The Qatar National Commission for Education, Culture and Science organized a virtual international seminar about intangible heritage, entitled “Traditional Industries and Their Role in Consolidating National Identity”. The organization of this seminar comes within the framework of the celebration of Doha, Capital of Culture in the Islamic World 2021.
The seminar aimed to learn about the nature of traditional industries and their importance and history as well as the history and heritage of the State of Qatar. It also aimed to stand on the impact of traditional industries in consolidating the Qatari national identity. Furthermore, the seminar sought to inculcate positive values and trends towards the traditional industries sector and its workers.
UNESCO regional office in Doha, the Ministry of Culture and Sports, ISESCO, the Cultural Village Foundation (Katara), Qatar Museums, Sheikh Faisal bin Qassim Al Thani Museum, and the Sadu Craft Society in Kuwait participated in the seminar.
The lecture started with a speech delivered by Dr. Hamda Hassan Al-Sulaiti, Secretary-General of the Qatari National Commission for Education, Culture and Science, who said: “In the State of Qatar, our belief in the vital role of heritage, in both its material and intangible parts, in consolidating and highlighting the national and human identity of peoples, strengthening ties between the past, present and future of the nation, and exchanging influence with other cultures and civilizations, and the enhancement of mutual trust and knowledge between nations and cultural entities, makes it necessary for all of us to continue searching for the possibility of counting the heritage and preserving it alive in the hearts of young generations. Traditional industries are only one of the important sources of heritage because of their association with social customs and traditions inherited from generations.
Dr. Al-Sulaiti pointed out that traditional industries are an inherent element of the heritage that they produce and result from, and those industries are the element that gives the heritage an embodiment and effectiveness on the one hand, and stability and continuity on the other hand. Thus, on this basis of understanding industries and heritage, identity can be understood as the definition of man to himself, and the definition of others to him, as he belongs to the social construction of the society in which he is a member.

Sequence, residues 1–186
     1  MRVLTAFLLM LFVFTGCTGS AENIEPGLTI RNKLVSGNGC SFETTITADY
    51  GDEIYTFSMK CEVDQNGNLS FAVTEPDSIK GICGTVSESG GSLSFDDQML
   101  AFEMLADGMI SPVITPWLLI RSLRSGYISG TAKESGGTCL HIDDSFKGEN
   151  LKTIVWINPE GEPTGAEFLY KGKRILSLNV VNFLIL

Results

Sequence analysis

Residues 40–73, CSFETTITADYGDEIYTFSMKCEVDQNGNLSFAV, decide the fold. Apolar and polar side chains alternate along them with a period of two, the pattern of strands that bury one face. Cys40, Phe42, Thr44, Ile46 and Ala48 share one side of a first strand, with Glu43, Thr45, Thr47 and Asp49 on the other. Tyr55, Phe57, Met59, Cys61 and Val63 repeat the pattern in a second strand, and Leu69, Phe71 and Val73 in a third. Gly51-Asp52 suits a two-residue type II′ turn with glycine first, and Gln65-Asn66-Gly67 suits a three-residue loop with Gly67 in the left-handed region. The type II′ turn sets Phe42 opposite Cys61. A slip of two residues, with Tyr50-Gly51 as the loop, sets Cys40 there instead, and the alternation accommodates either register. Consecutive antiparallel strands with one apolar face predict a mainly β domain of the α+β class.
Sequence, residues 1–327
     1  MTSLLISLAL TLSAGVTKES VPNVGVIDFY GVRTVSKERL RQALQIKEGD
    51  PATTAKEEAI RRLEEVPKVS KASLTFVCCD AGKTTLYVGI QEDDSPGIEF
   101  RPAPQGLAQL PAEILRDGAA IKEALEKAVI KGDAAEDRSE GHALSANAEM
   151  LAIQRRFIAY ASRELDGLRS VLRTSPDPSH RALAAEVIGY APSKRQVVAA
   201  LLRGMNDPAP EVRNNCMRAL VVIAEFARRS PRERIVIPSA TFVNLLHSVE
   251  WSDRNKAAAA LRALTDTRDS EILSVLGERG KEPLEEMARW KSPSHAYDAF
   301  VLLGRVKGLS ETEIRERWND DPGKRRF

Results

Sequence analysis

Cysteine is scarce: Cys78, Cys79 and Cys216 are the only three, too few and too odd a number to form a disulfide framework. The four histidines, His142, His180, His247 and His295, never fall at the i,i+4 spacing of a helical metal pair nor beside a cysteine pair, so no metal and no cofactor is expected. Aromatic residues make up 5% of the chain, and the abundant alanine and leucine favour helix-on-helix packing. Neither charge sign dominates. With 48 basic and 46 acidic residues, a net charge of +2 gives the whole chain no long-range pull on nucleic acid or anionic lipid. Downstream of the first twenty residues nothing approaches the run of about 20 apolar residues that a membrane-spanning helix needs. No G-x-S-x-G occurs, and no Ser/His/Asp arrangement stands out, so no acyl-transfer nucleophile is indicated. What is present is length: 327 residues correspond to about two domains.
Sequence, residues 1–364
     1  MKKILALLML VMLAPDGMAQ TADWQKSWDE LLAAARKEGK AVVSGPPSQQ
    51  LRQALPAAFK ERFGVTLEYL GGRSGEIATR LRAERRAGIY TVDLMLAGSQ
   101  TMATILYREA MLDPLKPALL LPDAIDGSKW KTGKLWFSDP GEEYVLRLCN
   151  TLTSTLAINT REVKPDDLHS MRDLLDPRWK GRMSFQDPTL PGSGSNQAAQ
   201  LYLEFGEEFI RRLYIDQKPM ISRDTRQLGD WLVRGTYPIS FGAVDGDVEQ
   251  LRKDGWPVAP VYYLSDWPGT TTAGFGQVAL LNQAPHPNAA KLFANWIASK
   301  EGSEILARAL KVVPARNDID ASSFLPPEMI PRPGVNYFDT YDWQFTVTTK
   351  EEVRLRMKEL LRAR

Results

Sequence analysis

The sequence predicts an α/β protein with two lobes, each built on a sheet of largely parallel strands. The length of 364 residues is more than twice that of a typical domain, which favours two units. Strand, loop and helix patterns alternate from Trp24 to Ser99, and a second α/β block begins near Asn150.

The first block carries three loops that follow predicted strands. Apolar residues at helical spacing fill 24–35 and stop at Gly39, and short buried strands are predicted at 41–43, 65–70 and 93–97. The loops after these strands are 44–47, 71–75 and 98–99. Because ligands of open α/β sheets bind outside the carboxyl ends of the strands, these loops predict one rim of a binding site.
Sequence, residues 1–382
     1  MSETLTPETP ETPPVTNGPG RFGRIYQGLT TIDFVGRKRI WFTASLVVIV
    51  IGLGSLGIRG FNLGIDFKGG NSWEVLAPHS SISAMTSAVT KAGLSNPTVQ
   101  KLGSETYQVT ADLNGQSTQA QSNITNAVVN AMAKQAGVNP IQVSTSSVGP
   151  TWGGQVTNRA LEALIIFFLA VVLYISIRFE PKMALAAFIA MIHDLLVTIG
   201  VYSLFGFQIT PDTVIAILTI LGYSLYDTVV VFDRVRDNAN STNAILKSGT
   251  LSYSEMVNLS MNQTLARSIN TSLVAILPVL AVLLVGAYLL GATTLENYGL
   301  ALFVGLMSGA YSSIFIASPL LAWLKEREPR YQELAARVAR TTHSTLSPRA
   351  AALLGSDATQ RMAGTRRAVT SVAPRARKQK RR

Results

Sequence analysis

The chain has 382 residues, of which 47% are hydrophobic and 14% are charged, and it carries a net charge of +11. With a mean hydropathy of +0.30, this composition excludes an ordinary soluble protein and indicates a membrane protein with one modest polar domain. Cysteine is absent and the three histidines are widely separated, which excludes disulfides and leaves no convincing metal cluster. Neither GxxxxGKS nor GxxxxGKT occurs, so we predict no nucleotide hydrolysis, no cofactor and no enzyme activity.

The Secretary-General of the Qatar National Commission for Education, Culture and Science also spoke about the committee’s role in supporting and strengthening the sources of tangible and intangible heritage in the country in cooperation with the concerned authorities and bodies, which include: Supervising the signing of many agreements for the preservation of heritage with international organizations such as UNESCO, and the organization of many seminars and workshops about traditional industries and heritage protection and preservation.
On her part, Dr. Anna Pollini, Director of the UNESCO Regional Office in Doha, said, “The State of Qatar ratified the 2003 UNESCO Convention for the Protection of Intangible Cultural Heritage on September 1, 2008 CE, which reflects its commitment to protecting the traditions and living cultural legacies that we inherited from ancestors, such as oral traditions, theatrical arts, social practices, ceremonial rituals, knowledge and practices associated with nature and the universe, or knowledge and skills needed to produce traditional crafts.
Three elements of the State of Qatar have been included in the list of the intangible cultural heritage of mankind: First, the falcon as a living human heritage, in 2016. Second, Arabic coffee as a symbol of generosity, in 2015. Third, Al-Majles as a cultural and social space, in 2015. ”
Dr. Pollini noted that intangible cultural heritage is an important factor in preserving cultural diversity in the face of growing globalization.
The Director of the UNESCO regional office in Doha mentioned that UNESCO continues to provide support for the protection of the living heritage of the State of Qatar, in line with the 2003 Convention.
She referred to the workshops program of the inventory of intangible cultural heritage with the participation of communities, which was organized by the UNESCO regional office in Doha in cooperation with the Qatari National Committee for UNESCO and the Ministry of Culture and Sports. She expressed her happiness to see the readiness of the institutions participating in this seminar to develop and implement mechanisms for the inventory of intangible cultural heritage on a societal basis.
Concluding her speech, Dr. Pollini shed light on the importance of organizing such seminars to review ideas about traditional industries, as well as to review the current context, which is witnessing rapid change in light of the (Covid-19) pandemic, which affected societies and the practices of intangible cultural heritage among them. At the same time the repercussions of the pandemic formed a living legacy as a source of resilience, solidarity and inspiration for many societies during these difficult times.